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Great Software is made in a Technocracy

(This is a followup post for Why be an Expert in Singapore? Seriously. As with all blog entries, I speak for myself and not any organization I may be affiliated with.) 

On my latest trip back to Singapore, talking to friends in the IT sector here and looking through job listings, it becomes abundantly clear to me that, in Singapore, the software engineer, or programmer, is regarded as the entry-level, don't-think-just-do, job.

Managerial skills are highly valued in Singapore, and permeates throughout most sectors, even the IT sector. I believe this can be partially attributed to the top-down management style of all Singapore government organizations. (And remember, government jobs in Singapore are well-paying and -respected relative to many other countries.) For example, the CEO of the main government scientific research agency is an ex-armed forces chief, the CEO of the main IT regulatory and advisory agency is headed by an ex-navy chief, and the CEO of the media development agency held senior positions in the Singapore Police Force, the Ministry of Trade and Industry, and the Ministry of Manpower. 

These individuals, while clearly having been trained with high level executive skills, do not necessarily have the technical background or expertise in the organization that they lead. This is pervasive throughout the organizational structure - mid level managers do not need to be technical, but are often "scholars" who won government scholarships after high school, have been earmarked to reach high level government positions, and are seen as being trained to hold senior appointments

The manager is viewed as the essential cog in the system. They make the decisions, manage the risks and ultimately are the main reason for the success or failure of projects. The underlying sector is practically irrelevant - be it waste management, education, foreign affairs, or IT. We have specialists for those nitty gritty details.

"What? Google is engineering-driven? You actually let engineers make decisions?"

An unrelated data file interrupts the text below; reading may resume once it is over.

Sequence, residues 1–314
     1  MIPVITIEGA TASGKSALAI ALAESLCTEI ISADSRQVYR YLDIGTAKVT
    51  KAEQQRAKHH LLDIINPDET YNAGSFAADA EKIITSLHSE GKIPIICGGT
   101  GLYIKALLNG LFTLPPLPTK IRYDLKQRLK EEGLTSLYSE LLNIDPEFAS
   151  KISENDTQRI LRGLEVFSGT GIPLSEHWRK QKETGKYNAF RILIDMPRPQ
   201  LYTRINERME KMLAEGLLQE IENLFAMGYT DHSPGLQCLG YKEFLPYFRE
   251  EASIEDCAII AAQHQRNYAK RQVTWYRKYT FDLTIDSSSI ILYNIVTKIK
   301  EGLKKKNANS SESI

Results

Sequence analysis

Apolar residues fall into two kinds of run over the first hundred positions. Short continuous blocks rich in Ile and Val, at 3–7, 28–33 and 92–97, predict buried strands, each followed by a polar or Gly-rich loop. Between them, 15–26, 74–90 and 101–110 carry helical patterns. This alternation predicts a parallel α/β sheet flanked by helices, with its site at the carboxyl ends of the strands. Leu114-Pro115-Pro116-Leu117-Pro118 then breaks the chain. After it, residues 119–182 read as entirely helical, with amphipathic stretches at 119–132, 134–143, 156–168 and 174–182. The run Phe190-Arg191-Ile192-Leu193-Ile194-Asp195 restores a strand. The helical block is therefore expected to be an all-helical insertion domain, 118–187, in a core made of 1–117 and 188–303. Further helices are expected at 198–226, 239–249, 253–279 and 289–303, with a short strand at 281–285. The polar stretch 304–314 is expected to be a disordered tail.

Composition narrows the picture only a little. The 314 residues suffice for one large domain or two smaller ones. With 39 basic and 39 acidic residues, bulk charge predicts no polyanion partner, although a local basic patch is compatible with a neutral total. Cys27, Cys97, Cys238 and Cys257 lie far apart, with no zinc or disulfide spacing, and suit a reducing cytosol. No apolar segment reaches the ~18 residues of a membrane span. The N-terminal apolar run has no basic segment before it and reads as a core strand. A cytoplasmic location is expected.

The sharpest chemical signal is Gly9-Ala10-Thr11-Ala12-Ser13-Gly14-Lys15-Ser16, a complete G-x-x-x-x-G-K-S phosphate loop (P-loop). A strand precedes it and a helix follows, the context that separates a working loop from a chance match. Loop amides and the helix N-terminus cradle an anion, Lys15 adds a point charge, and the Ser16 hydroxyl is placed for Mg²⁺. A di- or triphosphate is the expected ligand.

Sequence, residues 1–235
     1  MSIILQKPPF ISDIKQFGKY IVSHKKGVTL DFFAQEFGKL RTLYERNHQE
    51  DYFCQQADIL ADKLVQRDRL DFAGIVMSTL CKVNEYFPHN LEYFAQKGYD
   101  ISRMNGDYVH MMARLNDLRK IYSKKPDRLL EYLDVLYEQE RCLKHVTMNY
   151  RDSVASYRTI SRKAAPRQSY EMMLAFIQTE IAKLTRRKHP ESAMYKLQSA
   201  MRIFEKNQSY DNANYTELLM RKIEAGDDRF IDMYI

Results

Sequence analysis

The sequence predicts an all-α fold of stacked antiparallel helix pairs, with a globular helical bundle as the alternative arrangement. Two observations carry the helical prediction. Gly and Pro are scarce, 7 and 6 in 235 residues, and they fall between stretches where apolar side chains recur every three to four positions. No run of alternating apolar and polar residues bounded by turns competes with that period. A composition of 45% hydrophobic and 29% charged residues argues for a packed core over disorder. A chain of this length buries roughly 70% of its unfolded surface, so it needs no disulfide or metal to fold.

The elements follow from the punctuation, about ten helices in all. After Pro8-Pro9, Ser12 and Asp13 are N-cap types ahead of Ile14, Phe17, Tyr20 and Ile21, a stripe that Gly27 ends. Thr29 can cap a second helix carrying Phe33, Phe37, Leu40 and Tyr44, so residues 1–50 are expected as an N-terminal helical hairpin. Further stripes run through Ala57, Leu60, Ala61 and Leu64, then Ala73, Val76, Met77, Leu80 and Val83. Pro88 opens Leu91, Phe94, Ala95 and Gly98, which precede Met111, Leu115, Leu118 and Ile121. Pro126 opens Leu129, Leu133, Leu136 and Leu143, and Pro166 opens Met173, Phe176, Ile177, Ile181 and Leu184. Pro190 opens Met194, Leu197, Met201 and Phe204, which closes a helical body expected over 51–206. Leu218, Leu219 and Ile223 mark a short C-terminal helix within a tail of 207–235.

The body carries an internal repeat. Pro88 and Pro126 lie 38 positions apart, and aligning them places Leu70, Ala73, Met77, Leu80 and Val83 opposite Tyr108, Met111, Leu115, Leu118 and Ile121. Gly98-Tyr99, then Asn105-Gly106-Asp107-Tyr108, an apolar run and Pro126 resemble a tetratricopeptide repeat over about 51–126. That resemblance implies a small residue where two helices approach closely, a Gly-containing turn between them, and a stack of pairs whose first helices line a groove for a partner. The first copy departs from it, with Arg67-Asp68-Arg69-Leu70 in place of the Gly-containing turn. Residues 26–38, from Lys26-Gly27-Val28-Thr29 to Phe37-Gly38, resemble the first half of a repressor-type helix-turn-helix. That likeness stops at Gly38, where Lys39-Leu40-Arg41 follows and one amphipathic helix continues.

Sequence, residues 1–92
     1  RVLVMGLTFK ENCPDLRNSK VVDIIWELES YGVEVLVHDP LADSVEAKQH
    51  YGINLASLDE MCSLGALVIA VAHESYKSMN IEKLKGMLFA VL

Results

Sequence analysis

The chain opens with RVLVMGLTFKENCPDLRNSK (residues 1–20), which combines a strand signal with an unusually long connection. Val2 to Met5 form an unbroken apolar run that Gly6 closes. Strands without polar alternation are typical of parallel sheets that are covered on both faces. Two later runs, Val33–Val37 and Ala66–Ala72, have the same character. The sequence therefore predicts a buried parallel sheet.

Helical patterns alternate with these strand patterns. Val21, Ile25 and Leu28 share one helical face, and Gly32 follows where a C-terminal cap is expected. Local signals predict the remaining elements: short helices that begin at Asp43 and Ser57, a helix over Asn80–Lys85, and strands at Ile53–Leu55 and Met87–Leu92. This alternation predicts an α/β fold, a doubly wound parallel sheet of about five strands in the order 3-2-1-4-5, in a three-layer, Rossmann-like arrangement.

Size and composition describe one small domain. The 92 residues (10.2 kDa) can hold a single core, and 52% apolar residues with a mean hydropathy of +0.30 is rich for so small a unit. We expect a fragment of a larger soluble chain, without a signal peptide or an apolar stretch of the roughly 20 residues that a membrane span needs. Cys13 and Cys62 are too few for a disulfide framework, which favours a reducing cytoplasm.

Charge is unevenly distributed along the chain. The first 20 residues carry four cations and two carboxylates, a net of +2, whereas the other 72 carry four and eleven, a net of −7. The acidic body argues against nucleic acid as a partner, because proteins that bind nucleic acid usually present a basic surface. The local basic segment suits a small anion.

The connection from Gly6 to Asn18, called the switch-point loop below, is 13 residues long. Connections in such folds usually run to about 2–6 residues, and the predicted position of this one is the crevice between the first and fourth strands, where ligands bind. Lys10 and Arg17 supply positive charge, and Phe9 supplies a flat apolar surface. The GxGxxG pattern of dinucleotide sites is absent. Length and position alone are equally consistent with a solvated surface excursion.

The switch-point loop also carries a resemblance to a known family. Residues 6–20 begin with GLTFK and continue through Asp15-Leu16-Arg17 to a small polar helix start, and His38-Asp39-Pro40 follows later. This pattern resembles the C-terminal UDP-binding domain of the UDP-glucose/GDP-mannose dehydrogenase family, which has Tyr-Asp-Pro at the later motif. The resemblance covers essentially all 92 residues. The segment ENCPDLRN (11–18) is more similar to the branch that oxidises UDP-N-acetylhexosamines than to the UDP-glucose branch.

• Paraphrased quote from Singapore government officer on a visit to my workplace

And, hey, software can be written from a top-down manner. But not all top-down hierarchies are made equal. Tech companies like Apple, Facebook, Microsoft and Google are more alike to each other in their management structure than to the Singapore government management structure; (successful) tech companies have a culture of technocracy.

Technocracy is a form of government in which science would be in control of all decision making.
Scientists, engineers and technologists who have knowledge, expertise or skills would compose
the governing body, instead of politicians, businessmen and economists. In a technocracy,
decision makers would be selected based upon how knowledgeable and skillful they are in their

This dawned on me (and this occurred while I was talking to a bureaucrat who had no business managing a technical project) that I am disillusioned not with the manager being in charge (well, someone has to be), but with the complete inability for non-technical people to grasp the complexities and subtleties of a technical project. 

Maybe then... I don't have to explain why you need people who are smart and get things done. And before you start your berate, I am not saying that having a PhD means that a person is a great software engineer. It's just a signal to use when making a hiring decision.

"If i can pay a diploma holder to write a computer software, why should i pay a PhD?"

References (1)

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    Great Software is made in a Technocracy - Blog - Yew Jin Blogs (sometimes)

Reader Comments (1)

Hi. There is even more to the Technocracy technate idea than Wikipedia has room for. Energy accounting was a part of the original idea also. Google Technocracy technate for more information on the original science designed program.
Biophysical economics is the basis and that idea came from the 1930's Technocracy movement.

February 28, 2012 | Unregistered Commenterjack

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